Before the machining process began, I needed to make a few crucial decisions.
- How large is the lens image circle? Will it be enough to fully cover the image circle of my chosen camera system (Micro Four Thirds)?
- Is anything in frame in focus? How will I focus? What type of shots will I be using this lens for?
- Am I going to machine the Micro Four Thirds mount out of the threaded brass mount, or fasten a pre-existing Micro Four Thirds mount the the brass part?
Luckily, these questions were not to difficult to answer. When I took apart the imaging camera, I noticed that the lens was very close to the green imaging sensor plane, almost touching it. I found it quite hard to get a good measurement of this distance, as it had to be assembled to get the measurement and I could not fit a tool in to measure. After rough testing the lens inside the GH3 Micro Four Thirds mount, I was convinced that I would be able to use the lens for its desired purpose: selective defocused shots. In other words awesome bokeh filled product highlight shots. The lack of a focus ring is a real bummer, and I decided to just use the threaded portion of the lens as a finite focus assist. I may decide to rehouse the lens at a later date and add a dedicated focus ring, but that is outside the capabilities of my machining equipment.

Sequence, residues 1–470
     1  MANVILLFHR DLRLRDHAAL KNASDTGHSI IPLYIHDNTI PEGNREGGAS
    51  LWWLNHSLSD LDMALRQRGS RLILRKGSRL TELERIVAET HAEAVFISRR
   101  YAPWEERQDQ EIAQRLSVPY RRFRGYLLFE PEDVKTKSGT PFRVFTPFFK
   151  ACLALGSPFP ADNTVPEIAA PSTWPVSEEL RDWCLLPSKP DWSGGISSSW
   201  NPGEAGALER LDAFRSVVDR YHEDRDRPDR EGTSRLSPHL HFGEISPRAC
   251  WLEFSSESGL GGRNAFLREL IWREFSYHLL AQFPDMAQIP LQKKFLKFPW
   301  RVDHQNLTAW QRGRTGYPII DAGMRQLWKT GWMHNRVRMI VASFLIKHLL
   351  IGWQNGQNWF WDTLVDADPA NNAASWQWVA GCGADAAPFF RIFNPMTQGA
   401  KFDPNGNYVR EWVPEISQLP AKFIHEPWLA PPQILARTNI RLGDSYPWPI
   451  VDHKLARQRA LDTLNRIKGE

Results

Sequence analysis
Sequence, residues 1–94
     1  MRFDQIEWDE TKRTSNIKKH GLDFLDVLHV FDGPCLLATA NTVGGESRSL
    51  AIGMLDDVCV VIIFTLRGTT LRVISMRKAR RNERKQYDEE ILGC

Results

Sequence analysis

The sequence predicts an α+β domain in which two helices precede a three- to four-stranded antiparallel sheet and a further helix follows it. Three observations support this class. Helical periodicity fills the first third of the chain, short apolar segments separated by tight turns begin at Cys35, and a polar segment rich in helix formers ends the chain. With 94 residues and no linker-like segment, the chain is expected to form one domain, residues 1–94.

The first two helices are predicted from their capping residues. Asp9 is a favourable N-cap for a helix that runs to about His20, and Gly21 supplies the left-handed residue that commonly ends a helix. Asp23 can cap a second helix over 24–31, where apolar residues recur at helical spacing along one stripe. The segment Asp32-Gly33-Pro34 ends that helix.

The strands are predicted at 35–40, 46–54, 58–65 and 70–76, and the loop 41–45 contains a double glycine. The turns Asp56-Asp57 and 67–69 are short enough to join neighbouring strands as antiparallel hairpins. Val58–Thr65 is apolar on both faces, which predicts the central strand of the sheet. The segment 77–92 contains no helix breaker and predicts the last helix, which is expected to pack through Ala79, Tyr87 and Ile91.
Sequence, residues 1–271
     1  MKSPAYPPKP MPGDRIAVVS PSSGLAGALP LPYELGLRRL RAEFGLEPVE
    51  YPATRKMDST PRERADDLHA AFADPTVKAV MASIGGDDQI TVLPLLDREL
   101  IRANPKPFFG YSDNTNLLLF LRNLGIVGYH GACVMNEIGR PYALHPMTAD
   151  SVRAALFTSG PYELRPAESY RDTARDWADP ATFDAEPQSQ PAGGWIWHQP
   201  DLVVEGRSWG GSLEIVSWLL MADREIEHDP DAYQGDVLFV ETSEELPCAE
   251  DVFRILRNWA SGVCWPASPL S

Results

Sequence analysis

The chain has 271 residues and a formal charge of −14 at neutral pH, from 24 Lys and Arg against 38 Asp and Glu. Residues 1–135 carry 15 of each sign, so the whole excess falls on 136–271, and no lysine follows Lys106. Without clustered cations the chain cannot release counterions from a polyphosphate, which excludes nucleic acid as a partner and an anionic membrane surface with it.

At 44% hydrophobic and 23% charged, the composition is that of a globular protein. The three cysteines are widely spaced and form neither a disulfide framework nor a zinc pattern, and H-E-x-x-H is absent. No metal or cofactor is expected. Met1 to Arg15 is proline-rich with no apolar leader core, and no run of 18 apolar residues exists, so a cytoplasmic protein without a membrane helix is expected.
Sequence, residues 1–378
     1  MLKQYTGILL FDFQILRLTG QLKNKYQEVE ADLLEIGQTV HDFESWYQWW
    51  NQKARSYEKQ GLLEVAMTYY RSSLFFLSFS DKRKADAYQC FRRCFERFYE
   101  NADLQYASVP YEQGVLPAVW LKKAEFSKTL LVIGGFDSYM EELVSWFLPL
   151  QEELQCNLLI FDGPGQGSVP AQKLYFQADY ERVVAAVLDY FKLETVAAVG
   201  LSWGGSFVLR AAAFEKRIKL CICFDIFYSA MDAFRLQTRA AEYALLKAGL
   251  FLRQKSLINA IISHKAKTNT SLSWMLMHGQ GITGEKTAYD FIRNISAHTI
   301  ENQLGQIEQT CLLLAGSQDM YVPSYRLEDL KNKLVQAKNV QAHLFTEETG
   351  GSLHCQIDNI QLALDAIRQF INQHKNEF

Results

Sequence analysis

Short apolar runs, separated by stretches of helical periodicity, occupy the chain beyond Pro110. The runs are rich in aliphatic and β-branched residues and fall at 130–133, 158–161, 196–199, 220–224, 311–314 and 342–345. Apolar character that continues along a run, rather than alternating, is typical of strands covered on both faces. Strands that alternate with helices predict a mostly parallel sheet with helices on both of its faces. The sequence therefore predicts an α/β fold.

That leads me to the next answer: I decided to use a preexisting Micro Four Thirds mount and mount it to the mating threaded brass portion of the lens, that way I can keep the project as simple as possible and get to using the lens ASAP.
To make a dedicated lens mount you need to have a properly functioning lathe and a vertical mill with a small amount of runout. Unfortunately, my “vertical mill” is actually a jig borer, made in a time before time. The table is quite worn, and it would have produced an undesirable result in the threaded brass piece. Gosh, I can imagine the off center lens mount lobes now [shutters]. Ideally, if you have access to a CNC machine, lens mounts are easy as cake. So if you want to go to town on this, send away to have a CNC’ed Micro Four Thirds mount made.